The measure of a man
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Hey there, time traveller!
This article was published 07/09/2013 (3259 days ago), so information in it may no longer be current.
Among the crushes of my preteen youth, among the posters of Bryan Adams and Michael J. Fox stuck up on the wall, there was Captain Jean-Luc Picard.
Picard was a great captain. The best Star Trek captain, I’d argue, or at least the one I’d most want to follow. He seemed like someone you could trust.
In most pop-culture media, alpha males are swaddled in visual signifiers of virility and violence. They swagger, they swear, they have unfussy clots of hair stuck at cocky angles. They solve problems. They wear a stone-cold sneer to show their authority; if that doesn’t work, they carry guns to get the job done. When it’s over, there is always a woman who tumbles into their arms. It’s rarely clear why she loves him; just that she is a thing he’s won.
This is true in major action flicks, in TV cop dramas and in smart political thrillers. It’s also true with anti-heroes, although their stories tend to be drenched more in internal conflict, a push-and-pull between interdependent modern life and forceful dominance: Fight Club’s Tyler Durden, Breaking Bad’s Walter White.
Capt. Picard, though, he wasn’t like that. He was a small man, his head ringed by the last vestige of salt-and-pepper hair and lined with all the worries of the years. He quoted Shakespeare and drank tea — Earl Grey, hot — instead of beer. He turned to his advisers, often. He leaned heavily on Guinan, and rarely risked ship for ego. He took risks when urgency inspired, but his authority was drawn on compassion, wisdom and balanced reason.
Consider that one time, you know, the time when he begged Q to save the Enterprise from a Borg assault: Other men would rather have died than ask for help, the omnipotent being said. Heavy-handed writing, sure, but maybe there’s some truth to that.
“Make it so.”
— — —
There is a common rumbling in the grumblesphere that feminists don’t care about the struggles of men and boys, but that’s not true. The health of women and girls is inextricably intertwined with that of men, but more importantly, caring is simply the right thing to do. Case in point: Studies and statistics show that many men, especially young men, are showing now the cracks of social distress, especially when they see women having success.
Earlier this week, an American Psychological Association study found that men felt better about themselves after thinking about a time when their female partners failed; they also felt worse about themselves when their lovers did well. (Women in the study showed little such effect.)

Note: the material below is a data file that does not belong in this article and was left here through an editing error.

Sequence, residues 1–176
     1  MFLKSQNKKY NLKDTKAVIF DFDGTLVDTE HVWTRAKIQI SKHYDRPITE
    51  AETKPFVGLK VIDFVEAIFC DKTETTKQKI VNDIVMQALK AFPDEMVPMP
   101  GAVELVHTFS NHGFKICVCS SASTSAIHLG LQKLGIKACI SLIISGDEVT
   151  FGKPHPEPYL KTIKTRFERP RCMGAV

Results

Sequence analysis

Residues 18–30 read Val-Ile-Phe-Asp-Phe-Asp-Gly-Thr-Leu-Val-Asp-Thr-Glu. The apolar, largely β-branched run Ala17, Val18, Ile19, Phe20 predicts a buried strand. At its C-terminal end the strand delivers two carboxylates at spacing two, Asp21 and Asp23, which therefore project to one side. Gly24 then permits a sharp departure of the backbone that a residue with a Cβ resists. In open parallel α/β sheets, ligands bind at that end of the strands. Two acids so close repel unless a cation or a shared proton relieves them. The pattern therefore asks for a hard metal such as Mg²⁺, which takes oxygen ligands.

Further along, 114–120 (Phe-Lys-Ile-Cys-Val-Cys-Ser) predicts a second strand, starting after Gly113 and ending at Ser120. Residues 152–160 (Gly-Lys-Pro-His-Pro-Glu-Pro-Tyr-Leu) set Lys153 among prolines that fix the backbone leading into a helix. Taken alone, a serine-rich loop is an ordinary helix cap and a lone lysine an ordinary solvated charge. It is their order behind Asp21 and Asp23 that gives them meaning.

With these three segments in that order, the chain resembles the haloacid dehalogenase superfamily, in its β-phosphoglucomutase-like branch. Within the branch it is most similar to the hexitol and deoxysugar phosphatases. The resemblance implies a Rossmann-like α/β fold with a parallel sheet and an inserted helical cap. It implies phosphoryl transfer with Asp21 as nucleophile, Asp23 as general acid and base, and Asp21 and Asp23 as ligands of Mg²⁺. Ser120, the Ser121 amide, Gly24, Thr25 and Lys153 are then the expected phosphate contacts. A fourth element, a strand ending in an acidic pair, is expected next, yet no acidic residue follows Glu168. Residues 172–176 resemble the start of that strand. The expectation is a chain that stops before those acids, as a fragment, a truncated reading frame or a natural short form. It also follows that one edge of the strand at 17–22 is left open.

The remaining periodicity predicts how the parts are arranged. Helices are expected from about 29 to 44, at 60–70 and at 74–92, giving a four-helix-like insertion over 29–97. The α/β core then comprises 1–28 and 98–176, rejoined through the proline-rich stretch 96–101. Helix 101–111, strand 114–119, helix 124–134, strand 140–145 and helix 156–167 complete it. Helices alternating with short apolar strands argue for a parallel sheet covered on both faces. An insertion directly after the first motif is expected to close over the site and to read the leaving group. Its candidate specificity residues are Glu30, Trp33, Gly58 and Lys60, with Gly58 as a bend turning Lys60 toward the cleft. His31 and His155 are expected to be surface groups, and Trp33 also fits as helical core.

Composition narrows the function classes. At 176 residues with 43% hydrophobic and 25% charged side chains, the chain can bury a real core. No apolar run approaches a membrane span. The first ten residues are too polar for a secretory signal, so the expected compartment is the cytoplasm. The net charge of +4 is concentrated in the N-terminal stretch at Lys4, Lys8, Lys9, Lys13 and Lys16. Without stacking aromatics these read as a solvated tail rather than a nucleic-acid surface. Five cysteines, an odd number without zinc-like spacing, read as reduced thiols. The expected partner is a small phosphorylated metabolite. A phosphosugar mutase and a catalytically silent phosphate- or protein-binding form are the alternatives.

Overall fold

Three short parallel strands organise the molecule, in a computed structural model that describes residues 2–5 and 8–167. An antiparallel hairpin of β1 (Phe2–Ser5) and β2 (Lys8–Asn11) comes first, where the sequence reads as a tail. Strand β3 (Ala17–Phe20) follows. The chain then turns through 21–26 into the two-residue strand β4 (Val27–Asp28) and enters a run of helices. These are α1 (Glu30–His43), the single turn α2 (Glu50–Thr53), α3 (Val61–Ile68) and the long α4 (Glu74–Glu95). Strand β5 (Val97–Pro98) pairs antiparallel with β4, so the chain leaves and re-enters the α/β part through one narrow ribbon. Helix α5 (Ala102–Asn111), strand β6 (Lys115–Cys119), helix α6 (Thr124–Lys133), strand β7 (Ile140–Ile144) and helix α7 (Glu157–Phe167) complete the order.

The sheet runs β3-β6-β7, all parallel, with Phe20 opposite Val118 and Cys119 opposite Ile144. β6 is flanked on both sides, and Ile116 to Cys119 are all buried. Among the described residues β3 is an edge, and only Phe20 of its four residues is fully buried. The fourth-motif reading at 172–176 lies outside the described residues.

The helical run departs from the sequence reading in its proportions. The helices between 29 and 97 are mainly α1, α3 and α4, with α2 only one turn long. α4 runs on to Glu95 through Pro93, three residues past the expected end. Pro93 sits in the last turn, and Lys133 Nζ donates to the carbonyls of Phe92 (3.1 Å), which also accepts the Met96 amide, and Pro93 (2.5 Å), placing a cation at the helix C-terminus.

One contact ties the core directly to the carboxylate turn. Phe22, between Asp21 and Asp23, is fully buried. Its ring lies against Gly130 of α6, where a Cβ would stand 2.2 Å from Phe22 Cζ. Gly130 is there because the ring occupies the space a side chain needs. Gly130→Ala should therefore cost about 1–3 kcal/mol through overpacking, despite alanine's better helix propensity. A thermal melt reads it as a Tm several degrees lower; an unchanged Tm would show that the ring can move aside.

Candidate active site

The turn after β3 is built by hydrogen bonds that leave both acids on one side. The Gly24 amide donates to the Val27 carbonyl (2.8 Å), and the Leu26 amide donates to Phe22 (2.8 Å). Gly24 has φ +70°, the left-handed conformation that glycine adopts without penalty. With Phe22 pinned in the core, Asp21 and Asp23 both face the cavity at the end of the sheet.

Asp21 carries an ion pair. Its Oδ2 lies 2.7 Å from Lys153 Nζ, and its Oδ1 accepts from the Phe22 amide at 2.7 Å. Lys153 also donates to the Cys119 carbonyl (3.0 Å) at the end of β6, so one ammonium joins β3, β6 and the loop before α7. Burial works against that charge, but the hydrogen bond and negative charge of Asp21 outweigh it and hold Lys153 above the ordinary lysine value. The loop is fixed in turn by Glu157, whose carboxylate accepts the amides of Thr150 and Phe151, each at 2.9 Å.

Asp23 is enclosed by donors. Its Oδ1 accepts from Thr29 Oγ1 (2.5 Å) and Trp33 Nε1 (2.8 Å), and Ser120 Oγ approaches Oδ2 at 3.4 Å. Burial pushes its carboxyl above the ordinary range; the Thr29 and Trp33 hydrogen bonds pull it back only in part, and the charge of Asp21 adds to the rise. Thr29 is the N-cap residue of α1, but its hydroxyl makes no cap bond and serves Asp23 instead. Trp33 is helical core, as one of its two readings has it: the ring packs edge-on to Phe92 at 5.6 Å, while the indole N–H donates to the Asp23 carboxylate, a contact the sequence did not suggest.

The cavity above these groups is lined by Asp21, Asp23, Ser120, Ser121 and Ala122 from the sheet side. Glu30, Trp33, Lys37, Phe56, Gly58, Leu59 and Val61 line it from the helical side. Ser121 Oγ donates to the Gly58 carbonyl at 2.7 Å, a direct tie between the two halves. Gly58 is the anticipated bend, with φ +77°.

The implications of this are troubling, not least because of how that can boil over, in some: with fists, with denigration, with control.
Maybe we’re not teaching our boys the right things, or at least not doing enough to counteract the cultural forces bent on teaching them the wrong things: that myth that masculinity should be defined by power-over, by taking without asking, by never backing down, never voicing doubt and most of all, never sharing power with those culture defines as less “manly.”
“We don’t raise our sons to be men,” former NFL quarterback turned advocate Don McPherson said once. “We raise them not to be women, or gay men.”
Think about that, for a time.
— — —
Jean-Luc Picard was a man, and actor Sir Patrick Stewart made that man, and so it was no surprise to me when Stewart began to speak openly about violence against women, a personal mission driven by memories of his own father’s brutality. When he speaks on it, he does so eloquently. “The people who could do most to improve the situation of so many women and children are in fact men,” he said at a fan convention in Texas earlier this year.
He was speaking to a survivor; he asked if she was OK. His voice trembled as he talked about choice. “It’s in our hands to stop violence against women,” he said, and in that moment you could see where character and man are the same. “Violence is never, ever a choice that a man should make.”
Last November, Stewart was the top guest at the Central Canada Comic Con at the convention centre: $100 a pop for a photo, it was, but in the quick accounting of my own childhood memories, it seemed worth it. So I joined the line to meet him, to pay my respects for the respect he has shown us.
Then all of a sudden I was in the little curtained room, and he was too, and celebrity sucked the air right out of my lungs. Still, in the second before the photo, I managed to croak out my gratitude for what he said. About women, about violence, about calling men to do better. “I did it for my mother,” he replied, leaning down to look me eye to eye. “Because she could not do it for herself.”
He gently put a hand on my shoulder, enough to make contact but not so much as to enforce it. We smiled for the camera, and waited for the flash.
Melissa Martin reports and opines for the Winnipeg Free Press.